All matter in a black hole is squeezed into a region of infinitely small volume, called the central singularity. The event horizon is an imaginary sphere that
measures how close to the singularity you can safely get. Once you have passed the event horizon, it becomes impossible to escape: you will be drawn in by the
black hole's gravitational pull and squashed into the singularity.
The size of the event horizon (called the Schwarzschild radius, after the German physicist who discovered it while fighting in the first World War) is
proportional to the mass of the black hole. Astronomers have found black holes with event horizons ranging from 6 miles to the size of our solar system. But in
principle, black holes can exist with even smaller or larger horizons. By comparison, the Schwarzschild radius of the Earth is about the size of a marble. This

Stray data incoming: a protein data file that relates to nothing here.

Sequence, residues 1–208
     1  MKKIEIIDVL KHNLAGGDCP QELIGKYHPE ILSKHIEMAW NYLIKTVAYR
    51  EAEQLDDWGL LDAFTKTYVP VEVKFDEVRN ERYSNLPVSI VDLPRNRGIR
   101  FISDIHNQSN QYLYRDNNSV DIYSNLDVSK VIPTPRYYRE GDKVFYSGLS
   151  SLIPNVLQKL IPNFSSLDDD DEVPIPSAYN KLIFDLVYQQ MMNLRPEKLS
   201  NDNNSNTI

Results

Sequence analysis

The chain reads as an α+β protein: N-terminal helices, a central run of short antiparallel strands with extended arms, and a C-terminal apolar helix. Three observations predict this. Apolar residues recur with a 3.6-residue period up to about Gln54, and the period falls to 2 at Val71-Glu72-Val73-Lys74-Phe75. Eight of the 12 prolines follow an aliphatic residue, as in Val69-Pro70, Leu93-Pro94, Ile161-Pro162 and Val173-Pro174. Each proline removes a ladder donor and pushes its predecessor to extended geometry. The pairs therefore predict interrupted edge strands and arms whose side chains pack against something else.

is how much you would have to compress the Earth to turn it into a black hole. A black hole doesn't have to be very massive, but it does need to be very
Some black holes spin around an axis, and their situation is more complicated. The surrounding space is then dragged around, creating a cosmic whirlpool.
The singularity is an infinitely thin ring instead of a point. The event horizon is composed of two, instead of one, imaginary spheres. And there is a region
called the ergosphere, bounded by the static limit, where you are forced to rotate in the same sense as the black hole although you can still escape.
In a spinning black hole, a central ring singularity is surrounded by two event horizons, the ergosphere and the static limit.